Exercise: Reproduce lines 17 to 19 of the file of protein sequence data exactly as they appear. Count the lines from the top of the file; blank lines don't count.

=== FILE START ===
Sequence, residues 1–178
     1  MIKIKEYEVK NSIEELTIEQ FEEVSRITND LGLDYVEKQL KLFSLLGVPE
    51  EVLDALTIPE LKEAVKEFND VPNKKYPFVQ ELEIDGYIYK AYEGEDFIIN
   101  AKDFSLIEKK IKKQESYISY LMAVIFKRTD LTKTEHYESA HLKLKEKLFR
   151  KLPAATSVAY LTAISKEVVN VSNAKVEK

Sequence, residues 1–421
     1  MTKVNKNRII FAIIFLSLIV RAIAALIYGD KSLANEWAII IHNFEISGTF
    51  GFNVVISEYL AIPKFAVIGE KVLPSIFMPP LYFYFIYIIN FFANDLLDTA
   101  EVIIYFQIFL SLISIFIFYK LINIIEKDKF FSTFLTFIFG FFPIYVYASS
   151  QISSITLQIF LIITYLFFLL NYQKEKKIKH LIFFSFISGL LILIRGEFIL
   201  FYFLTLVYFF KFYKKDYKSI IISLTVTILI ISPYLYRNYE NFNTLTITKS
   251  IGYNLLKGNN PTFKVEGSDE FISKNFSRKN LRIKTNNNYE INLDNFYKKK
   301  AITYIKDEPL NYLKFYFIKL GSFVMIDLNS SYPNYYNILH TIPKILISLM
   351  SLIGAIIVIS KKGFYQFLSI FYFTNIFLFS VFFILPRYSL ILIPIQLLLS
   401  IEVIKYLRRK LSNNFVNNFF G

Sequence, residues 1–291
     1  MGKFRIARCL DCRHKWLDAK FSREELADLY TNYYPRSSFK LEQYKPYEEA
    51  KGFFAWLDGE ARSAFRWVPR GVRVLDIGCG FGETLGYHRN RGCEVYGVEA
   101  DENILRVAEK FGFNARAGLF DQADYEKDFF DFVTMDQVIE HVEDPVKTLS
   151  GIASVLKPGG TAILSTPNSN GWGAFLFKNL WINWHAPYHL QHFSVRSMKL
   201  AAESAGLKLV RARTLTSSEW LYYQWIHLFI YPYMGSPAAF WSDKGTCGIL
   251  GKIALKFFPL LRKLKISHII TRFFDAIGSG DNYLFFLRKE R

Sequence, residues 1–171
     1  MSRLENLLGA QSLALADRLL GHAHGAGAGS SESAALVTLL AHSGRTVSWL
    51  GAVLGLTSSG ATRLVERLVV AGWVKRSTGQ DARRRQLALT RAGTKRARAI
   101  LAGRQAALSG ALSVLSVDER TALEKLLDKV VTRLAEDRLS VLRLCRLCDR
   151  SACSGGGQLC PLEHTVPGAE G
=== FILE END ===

     1  MGKFRIARCL DCRHKWLDAK FSREELADLY TNYYPRSSFK LEQYKPYEEA
    51  KGFFAWLDGE ARSAFRWVPR GVRVLDIGCG FGETLGYHRN RGCEVYGVEA
   101  DENILRVAEK FGFNARAGLF DQADYEKDFF DFVTMDQVIE HVEDPVKTLS